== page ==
Today, the Tulsa Arts District is home to some of the city’s most prestigious restaurants, such as Amelia’s, Laffa Medi-Eastern Restaurant and Bar, Prhyme Steakhouse, The Tavern, Sisserou’s, and the recently relocated The French Hen, as well as the original Coney Island Hot Weiner shop, Mexicali Border Cafe, Elgin Park and Antoinette Baking Company.
“In the pre-COVID days, it wasn’t unusual that we’d have as many as 6,000 people in the neighborhood for a First Friday,” Fleischman said. “We’re starting to see more people coming out, as restrictions are starting to lift. And once the performance venues can get back up to speed, we’ll start seeing more people coming into the area.”
Fleischman said that only one business in the district — Prairie Brew Pub — closed during the pandemic, but others moved in, such as Empire Slice, the pizza restaurant next to Cain’s Ballroom, and The Canopy, an event center.
Prigmore said much of the credit for the success of the district belongs to two men.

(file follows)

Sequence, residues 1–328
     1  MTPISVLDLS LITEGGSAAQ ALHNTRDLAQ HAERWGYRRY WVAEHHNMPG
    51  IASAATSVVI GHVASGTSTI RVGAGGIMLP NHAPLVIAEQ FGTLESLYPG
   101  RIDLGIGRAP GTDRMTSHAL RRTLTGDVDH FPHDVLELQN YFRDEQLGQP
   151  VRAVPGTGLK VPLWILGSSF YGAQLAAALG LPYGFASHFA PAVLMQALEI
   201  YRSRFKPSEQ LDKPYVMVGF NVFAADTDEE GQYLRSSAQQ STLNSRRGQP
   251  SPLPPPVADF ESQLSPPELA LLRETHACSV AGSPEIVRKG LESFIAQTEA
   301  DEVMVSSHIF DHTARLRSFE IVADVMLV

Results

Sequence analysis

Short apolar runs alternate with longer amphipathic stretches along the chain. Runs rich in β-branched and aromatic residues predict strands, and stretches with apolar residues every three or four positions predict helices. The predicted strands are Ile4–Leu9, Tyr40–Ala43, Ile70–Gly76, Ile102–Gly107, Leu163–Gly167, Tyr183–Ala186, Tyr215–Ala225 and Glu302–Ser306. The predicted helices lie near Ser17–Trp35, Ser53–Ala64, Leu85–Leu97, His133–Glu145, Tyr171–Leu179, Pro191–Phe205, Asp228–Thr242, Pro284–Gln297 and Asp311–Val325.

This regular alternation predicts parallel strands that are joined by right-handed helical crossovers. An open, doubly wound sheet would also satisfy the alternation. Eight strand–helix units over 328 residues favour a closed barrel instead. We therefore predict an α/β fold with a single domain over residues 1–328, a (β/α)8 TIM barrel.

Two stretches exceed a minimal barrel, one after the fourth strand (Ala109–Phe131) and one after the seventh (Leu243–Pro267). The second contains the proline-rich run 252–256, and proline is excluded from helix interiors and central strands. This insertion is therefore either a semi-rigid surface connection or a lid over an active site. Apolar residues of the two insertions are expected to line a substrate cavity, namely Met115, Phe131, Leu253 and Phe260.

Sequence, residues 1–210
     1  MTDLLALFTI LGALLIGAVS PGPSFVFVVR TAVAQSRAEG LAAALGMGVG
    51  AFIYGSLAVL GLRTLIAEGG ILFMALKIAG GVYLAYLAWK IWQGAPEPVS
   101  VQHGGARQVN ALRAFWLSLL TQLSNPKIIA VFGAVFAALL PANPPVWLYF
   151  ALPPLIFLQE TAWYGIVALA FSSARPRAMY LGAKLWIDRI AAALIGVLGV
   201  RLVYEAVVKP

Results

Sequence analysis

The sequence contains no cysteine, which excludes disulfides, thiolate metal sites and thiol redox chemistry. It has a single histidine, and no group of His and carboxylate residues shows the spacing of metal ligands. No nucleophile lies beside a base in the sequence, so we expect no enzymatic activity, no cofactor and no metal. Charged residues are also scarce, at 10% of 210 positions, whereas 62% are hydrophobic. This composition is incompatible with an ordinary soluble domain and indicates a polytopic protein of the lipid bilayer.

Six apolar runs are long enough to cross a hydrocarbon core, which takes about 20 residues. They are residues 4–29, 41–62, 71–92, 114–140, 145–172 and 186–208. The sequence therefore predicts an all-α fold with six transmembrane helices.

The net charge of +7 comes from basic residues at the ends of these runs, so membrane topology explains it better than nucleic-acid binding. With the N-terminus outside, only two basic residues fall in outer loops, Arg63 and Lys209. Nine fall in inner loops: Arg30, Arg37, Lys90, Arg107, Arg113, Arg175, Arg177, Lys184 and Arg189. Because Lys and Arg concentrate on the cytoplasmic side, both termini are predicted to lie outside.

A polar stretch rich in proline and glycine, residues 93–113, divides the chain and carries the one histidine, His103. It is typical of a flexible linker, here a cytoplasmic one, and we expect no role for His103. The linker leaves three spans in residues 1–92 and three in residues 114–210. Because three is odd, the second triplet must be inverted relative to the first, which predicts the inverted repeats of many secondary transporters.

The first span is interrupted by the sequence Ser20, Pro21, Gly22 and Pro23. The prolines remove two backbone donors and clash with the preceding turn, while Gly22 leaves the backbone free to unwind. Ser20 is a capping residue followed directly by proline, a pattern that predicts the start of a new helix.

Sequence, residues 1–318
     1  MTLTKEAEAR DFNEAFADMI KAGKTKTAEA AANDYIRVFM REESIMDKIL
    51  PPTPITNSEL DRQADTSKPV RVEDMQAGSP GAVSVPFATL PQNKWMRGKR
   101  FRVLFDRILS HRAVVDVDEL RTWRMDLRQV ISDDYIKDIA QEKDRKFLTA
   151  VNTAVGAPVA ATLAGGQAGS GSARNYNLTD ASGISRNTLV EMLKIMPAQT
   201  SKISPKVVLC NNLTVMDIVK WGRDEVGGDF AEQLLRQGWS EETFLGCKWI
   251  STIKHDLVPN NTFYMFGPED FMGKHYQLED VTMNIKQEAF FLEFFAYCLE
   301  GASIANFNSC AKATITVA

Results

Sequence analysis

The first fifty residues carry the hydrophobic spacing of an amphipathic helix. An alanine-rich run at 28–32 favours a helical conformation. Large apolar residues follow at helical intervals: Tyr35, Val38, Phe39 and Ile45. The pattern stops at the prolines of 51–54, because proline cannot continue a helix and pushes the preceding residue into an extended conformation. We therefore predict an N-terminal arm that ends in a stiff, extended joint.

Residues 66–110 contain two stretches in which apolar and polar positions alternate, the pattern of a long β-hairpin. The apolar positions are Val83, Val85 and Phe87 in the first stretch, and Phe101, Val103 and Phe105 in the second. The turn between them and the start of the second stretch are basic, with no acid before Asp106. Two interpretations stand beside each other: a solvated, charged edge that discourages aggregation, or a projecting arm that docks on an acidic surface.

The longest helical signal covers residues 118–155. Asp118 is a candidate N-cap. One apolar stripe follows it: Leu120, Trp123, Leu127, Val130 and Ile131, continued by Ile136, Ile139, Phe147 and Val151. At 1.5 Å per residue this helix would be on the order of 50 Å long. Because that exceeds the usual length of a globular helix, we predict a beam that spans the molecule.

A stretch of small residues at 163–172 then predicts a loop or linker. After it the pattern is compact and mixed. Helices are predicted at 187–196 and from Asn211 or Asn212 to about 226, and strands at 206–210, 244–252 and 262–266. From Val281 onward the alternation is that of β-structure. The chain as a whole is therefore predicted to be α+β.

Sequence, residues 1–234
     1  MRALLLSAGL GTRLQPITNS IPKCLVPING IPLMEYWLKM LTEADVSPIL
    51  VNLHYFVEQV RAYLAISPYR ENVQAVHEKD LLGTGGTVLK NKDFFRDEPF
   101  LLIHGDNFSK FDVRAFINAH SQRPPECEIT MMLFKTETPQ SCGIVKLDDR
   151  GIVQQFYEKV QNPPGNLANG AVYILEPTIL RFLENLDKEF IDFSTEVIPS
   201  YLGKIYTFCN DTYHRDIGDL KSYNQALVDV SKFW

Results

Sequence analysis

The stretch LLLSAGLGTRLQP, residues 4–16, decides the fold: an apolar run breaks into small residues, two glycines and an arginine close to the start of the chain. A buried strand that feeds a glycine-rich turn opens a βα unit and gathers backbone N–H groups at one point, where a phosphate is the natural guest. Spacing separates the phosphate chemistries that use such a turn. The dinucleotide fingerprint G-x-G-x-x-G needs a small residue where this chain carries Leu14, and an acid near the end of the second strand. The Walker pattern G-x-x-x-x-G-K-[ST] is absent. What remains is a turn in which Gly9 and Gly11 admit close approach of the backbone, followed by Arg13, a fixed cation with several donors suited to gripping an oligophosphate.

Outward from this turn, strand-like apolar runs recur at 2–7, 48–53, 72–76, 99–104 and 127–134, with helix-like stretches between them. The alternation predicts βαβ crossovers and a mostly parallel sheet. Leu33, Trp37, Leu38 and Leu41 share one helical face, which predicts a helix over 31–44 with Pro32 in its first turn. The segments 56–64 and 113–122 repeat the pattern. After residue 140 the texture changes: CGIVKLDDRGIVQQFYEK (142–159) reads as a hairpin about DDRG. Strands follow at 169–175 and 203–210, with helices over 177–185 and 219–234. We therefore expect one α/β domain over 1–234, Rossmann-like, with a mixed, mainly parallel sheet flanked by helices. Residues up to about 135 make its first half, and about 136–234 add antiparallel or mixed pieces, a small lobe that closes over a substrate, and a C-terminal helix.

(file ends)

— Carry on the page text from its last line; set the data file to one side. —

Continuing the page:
“I think the city owes a huge debt of gratitude to David Sharp, because of all he has done to preserve these old buildings,” she said. “I fear that a whole lot of this neighborhood would be parking lots now if it weren’t for David Sharp.
“The other is George Kaiser,” she said. “The Guthrie Green alone was a huge boost to the area.”
Still, Prigmore said, there is one thing about all the progress in the Tulsa Arts District that is bittersweet.
“When we first started thinking about how to develop this area, one of the things I know many people wanted was that no new buildings would be more than four stories high, so it would blend into the existing architecture,” she said. “Of course that didn’t happen. And I kind of miss that old time, old Tulsa feel this neighborhood used to have.”